On Monday morning, May 14, my mother-in-law, Ruby Kimrey Dollar, died. Which makes my husband an orphan (his dad died of colon cancer in 1988).
I cannot speak for what my husband is feeling, and in fact, he may be trying to figure that out for some time to come. We’ve lived in Connecticut—a 14-hour drive from Daniel’s childhood home in North Carolina—for 13 years now. For the first 10 or so of those years, we got down to North Carolina at least twice a year to see Ruby and the rest of Daniel’s family. Ruby even made it up here a few times when Leah and Meg were babies—a feat close to miraculous for someone who didn’t like to fly and who lived her entire life within a several-mile radius of where she was born. During our children’s lifetimes, Ruby’s health was never robust. But the kids at least have some memories of visiting her at her house. Those visits largely revolved around where we would go for our next meal, so that now, when we say we’re heading south, the kids immediately start fantasizing about meals at Chick Fil’ A and Steak ‘n Shake. (True to tradition, on our drive south this week for Ruby’s funeral, the first meal we stopped for was at a Chick Fil’ A in Fredericksburg, VA. Ahhhhh……) In between meals, the kids would play hide and seek in Ruby’s huge backyard, build forts with Daniel’s old Lincoln Logs, and forage in the treasure trove of old toys (1970s-era Star Wars toys anyone?) that filled Ruby’s basement.
But for the past couple of years, as Ruby’s health failed and she eventually moved into a nursing home, our visits south became less frequent, and sadder too. We began spending the majority of our time in N.C. with Daniel’s siblings, who have children and grandchildren to keep our kids entertained. We would go visit Ruby wherever she was at the time, either the nursing home or the hospital. But the visits were short. Conversation became hard as she began to slip into forgetfulness, couldn’t always place where she was and what we were doing there, and frequently drifted off to sleep mid-conversation. The kids would give her kisses and hugs and pictures, but they became quickly bored.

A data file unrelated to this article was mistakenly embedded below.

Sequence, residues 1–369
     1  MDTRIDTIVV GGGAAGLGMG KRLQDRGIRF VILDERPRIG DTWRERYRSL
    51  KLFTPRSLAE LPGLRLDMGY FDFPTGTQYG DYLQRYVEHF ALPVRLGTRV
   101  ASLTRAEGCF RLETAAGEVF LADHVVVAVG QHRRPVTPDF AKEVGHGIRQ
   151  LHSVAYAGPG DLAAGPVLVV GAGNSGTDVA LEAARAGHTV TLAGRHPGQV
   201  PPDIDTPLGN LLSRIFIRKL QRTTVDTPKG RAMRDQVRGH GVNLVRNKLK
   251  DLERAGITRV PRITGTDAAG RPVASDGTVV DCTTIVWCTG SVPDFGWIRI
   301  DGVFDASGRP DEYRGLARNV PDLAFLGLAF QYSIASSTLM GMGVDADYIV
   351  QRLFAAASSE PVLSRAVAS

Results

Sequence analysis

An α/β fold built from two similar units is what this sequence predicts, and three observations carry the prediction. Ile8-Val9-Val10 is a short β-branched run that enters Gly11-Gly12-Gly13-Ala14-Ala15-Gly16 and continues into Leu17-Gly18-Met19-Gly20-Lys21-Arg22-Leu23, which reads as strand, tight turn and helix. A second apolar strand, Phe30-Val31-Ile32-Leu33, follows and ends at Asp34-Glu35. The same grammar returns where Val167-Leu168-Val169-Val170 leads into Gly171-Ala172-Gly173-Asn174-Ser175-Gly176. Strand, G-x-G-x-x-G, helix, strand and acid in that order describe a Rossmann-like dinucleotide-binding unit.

So it’s hard to know what any of us are feeling, or should be feeling, upon Ruby’s death, because in so many ways she was already lost to us. And Daniel and I have carried some guilt and discomfort at being so, so far away as she declined, while his brother and sister did the hard work of regular visits, conversations with doctors and nurses and nursing home staff, and responding to ever-more-frequent medical emergencies.
As a daughter, a daughter-in-law, and mostly as a mom, it just boggles my mind that someone’s mother can die and our lives will essentially continue just as they have.
Eventually. But for now, we’re in North Carolina for her funeral, to remember her life, which was far from extraordinary in some ways, but more than extraordinary in others. She buried a husband and two of five children, and yet continued to love life and to thrive on connections with other people, particularly her family. Until her health made it impossible, Ruby was always up for a meal out and good conversation with a friend or family member. And as I’ve gotten older, I’ve realized that even some of Ruby’s quirks that drove me batty contained layers of wisdom. I’ve written about two of those quirks, her fierce holding on to every object that ever came into her home, and her passion for the church’s bereavement ministry, which mostly involved feeding people.
I’ll be taking a break from blogging for a few days as we gather with Daniel’s family to mourn and celebrate.